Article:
“Mystery,'' I heard in my thoughts, or perhaps, “mercy,'' but I wasn't certain of either.
When Enishte Effendi finally meets God (or rather thinks that he meets God) in his afterlife in Orhan Pamuks's celebrated novel ‘My Name is Red,' the painter cannot hear properly what God says in reply to his question on the meaning of the world.
Writer Chandrahas Choudhury says that besides the evident irony and humour in the situation, there is a reason why the author cleverly evades a clear answer to that question.
“Neither the answer mystery nor mercy would have been satisfying enough. By refusing to give a definite answer Pamuk suggests that the answer depends on the reader. That is what novels do. They teach us to accept that there are multiple answers to a problem,'' he said.
Mr. Choudhury was making his case on the novel reading experience at the session ‘Ten ways in which a novel can change your life' on the second day of the Hay Festival here on Friday.
Picking up passages from classic works of renowned authors, Mr. Choudhury demonstrated how novels go beyond entertaining human minds and touch our lives.
“By describing in detail the little nuances of life around us, novels expand our sensory awareness and multiply our awareness of the world. They also sometimes take us back to our own memories,'' said Mr. Choudhury quoting a passage from ‘Suite Francaise,' the 1942 novel of Jewish author Irene Nemirovsky who died in a Nazi concentration camp.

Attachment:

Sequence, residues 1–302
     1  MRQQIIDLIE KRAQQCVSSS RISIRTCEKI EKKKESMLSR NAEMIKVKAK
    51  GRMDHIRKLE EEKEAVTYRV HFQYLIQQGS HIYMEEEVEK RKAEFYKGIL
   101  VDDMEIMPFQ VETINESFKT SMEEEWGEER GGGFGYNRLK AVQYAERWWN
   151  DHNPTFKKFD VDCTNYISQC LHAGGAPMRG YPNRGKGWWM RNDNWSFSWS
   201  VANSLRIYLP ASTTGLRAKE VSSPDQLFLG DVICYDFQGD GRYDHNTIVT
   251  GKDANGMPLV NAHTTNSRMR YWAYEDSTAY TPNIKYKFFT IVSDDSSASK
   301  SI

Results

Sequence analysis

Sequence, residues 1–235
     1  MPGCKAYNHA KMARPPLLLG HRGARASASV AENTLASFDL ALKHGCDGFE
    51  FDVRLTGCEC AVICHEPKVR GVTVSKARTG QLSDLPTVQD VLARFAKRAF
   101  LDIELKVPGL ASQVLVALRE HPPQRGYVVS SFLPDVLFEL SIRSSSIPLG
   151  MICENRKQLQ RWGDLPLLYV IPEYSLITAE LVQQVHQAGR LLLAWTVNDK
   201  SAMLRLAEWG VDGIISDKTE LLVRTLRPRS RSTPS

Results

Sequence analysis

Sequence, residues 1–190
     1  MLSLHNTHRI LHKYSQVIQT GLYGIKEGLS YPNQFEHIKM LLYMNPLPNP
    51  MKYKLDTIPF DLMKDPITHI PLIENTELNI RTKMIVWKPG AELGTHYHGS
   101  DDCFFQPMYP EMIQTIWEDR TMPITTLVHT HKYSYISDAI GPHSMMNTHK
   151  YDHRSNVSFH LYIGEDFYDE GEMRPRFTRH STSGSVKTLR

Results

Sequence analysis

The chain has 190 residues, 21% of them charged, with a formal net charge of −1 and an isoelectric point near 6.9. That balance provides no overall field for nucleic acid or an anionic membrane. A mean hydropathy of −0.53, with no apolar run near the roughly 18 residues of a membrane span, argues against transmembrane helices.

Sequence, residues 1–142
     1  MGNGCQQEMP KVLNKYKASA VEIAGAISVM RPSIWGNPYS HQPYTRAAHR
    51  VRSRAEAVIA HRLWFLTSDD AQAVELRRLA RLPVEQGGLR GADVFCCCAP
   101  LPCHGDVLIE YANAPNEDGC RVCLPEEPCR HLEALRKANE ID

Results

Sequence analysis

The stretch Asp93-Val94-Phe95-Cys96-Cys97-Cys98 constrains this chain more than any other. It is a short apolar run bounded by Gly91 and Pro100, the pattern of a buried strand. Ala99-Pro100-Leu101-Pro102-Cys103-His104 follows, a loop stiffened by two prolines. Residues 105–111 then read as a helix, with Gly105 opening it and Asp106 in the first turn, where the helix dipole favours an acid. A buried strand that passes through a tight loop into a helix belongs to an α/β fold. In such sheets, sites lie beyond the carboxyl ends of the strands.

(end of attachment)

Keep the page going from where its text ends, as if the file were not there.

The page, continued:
“Novels express the contingent nature of human experience. In Ashvaghosha's ‘Handsome Nanda' written in 200 CE, Buddha's half brother Nanda is caught between his impulse to stay with his beautiful wife or join Buddha's procession. In the split second that his wife goes out of his sight Nanda decides to go and meet his half brother. But that actually turns out to be the last time his sees his wife before becoming a monk. Many life- changing situations in real life are like that, they happen for many reasons and in a matter of minutes,'' he said.
Quoting a passage from Anton Chekov's ‘The Kiss' in which soldier Ryabovitch is kissed by a woman for the first time in his life, albeit mistakenly, Mr. Choudhury describes how novels open up the pleasures and dangers of imagination. “Novels remind us that so much of our life is lived in our imagination, in our private theatre. Here Ryabovitch's imagination goes on a spree. He imagines that he has married, separated and even had children with the unknown woman who kisses him mistakenly,'' he said. One of the greatest pleasures of reading a novel is in losing yourself in someone else. Novels expand the experience of understanding someone else's thoughts. They bare open human motivations through layered narratives and put faith in the reader to unpack and make sense of the narrative, Mr. Choudhury said.
Willa Chather's ‘My Antonia,' Vasily Grossman's ‘Everything Flows,' Manu Joseph's ‘Serious Men' and Bibhutibhushan Bandopadhyay's ‘Dalu Gets Into Trouble' were among the works from which Mr. Choudhury read out passages at the session.
Keywords: Hay Festival